std.variant doesn't support types having arbitrary fields. –  CyberShadow Aug 18 '11 at 10:58
    
@cyber what do you mean? –  ratchet freak Aug 18 '11 at 13:17
    
OP wants to create an object where obj.anything is valid at compile-time (even though it might not be valid at run-time). Nothing in std.variant allows this, as I've seen. –  CyberShadow Aug 18 '11 at 23:42
add comment

Could you provide an overload for isInputRange? Something like this (note that I haven't looked at the implementation of isInputRange):

template isInputRange(T : Dynamic) {
    enum isInputRange = false;
}

If this is provided by your dynamic.core, I think this overload should be chosen before the std lib one.

share|improve this answer
1  
Right, but the problem is that this would require knowing every kind of prevention in advance. Obviously, it doesn't work for whoever ends up using my library... –  Mehrdad Aug 18 '11 at 17:08
    
Unfortunately this trick does not work, std.stdio can't pick up the specialization. –  Lutger Aug 21 '11 at 20:57
add comment

For the general case Dynamic has to accept any method lookup at compile time, as you said. Suppose for a moment that you could prevent the isInputRange predicate to evaluate to true, now the wrong code will be generated when you try to create a Dynamic from an input range.

I don't think this is fixable, at least not in a general way. In this particular case the best solution I can think of is that Dynamic provides it's own version of toString, and writeln would prefer that over the inputRange specialization. I believe writeln doesn't do this at the moment, at least not for structs, but it probably should.

Another compromise would be to disallow a few methods such as popFront in the opDispatch constraint, instead Dynamic would provide opIndex or a member object to access these special cases. This might not be as bad as it sounds, because the special cases are rare and using them would result in an obvious compiler error.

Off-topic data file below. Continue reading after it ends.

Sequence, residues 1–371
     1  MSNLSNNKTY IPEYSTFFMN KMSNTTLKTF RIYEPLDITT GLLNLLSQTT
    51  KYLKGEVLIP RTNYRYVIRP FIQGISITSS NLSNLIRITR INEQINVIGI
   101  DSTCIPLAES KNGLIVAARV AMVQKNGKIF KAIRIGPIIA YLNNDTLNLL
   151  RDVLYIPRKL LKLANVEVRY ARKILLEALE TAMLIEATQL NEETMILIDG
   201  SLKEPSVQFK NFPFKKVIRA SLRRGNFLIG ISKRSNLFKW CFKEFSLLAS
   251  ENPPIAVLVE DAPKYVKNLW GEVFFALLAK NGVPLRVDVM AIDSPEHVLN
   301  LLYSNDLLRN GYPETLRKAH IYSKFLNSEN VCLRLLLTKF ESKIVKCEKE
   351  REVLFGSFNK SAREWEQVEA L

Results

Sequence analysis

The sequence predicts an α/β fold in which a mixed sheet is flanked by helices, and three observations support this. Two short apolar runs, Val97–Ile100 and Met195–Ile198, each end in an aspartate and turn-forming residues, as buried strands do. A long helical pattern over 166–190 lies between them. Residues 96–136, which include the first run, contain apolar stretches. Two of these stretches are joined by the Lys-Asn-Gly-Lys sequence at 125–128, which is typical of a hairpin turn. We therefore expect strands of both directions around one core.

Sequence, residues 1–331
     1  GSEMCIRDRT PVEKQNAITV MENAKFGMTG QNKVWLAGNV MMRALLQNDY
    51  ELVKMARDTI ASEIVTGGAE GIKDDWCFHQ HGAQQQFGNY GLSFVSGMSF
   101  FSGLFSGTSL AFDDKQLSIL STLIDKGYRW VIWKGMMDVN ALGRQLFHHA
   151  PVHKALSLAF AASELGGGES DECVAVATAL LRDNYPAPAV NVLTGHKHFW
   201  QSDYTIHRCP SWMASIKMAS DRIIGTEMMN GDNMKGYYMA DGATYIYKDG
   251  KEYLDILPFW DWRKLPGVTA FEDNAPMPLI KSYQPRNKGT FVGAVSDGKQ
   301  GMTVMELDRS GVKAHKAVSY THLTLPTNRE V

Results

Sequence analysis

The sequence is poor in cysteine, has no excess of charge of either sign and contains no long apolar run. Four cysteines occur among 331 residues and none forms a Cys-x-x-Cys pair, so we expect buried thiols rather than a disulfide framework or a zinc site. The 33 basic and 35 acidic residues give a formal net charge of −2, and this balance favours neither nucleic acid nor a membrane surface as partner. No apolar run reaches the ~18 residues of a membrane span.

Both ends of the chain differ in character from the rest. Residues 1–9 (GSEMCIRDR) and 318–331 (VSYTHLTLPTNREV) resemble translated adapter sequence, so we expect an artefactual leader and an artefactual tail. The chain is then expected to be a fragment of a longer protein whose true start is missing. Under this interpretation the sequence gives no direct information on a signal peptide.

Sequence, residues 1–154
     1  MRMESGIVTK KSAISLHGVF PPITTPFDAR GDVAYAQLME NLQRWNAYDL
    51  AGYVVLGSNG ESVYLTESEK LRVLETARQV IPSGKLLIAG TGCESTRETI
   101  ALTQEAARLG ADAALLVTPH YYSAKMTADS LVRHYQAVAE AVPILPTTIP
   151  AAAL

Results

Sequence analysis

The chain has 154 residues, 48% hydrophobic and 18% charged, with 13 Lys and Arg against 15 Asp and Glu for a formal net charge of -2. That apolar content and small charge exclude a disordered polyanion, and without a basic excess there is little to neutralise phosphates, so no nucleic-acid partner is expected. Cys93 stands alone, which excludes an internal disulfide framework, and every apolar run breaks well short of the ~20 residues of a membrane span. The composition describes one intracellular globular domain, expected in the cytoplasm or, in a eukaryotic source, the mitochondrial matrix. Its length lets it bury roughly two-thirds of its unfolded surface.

I think that the best way to salvage this kind of method resolution for Dynamic is to fix writeln and accept that Dynamic will not work with all templated code.

share|improve this answer
    
The trouble with making writeln prefer toString over isInputRange is that every class inherits a generic toString method from Object, which just outputs the class name. Therefore, if writeln was changed, it would have to treat structs and classes differently. –  tgehr Aug 22 '11 at 20:10
add comment

Have you looked into std.variant?

import std.stdio, std.variant;

class Foo {
    string Bar(string a) {
        return a ~ " are Cool!";
    }
}

void main() {
    Variant foo = new Foo();
    Variant result = foo.peek!Foo.Bar("Variants");

    writeln(result); // Variants are Cool!
}

http://www.d-programming-language.org/phobos/std_variant.html

share|improve this answer
add comment

Your Answer

 
discard

By posting your answer, you agree to the privacy policy and terms of service.

Not the answer you're looking for? Browse other questions tagged or ask your own question.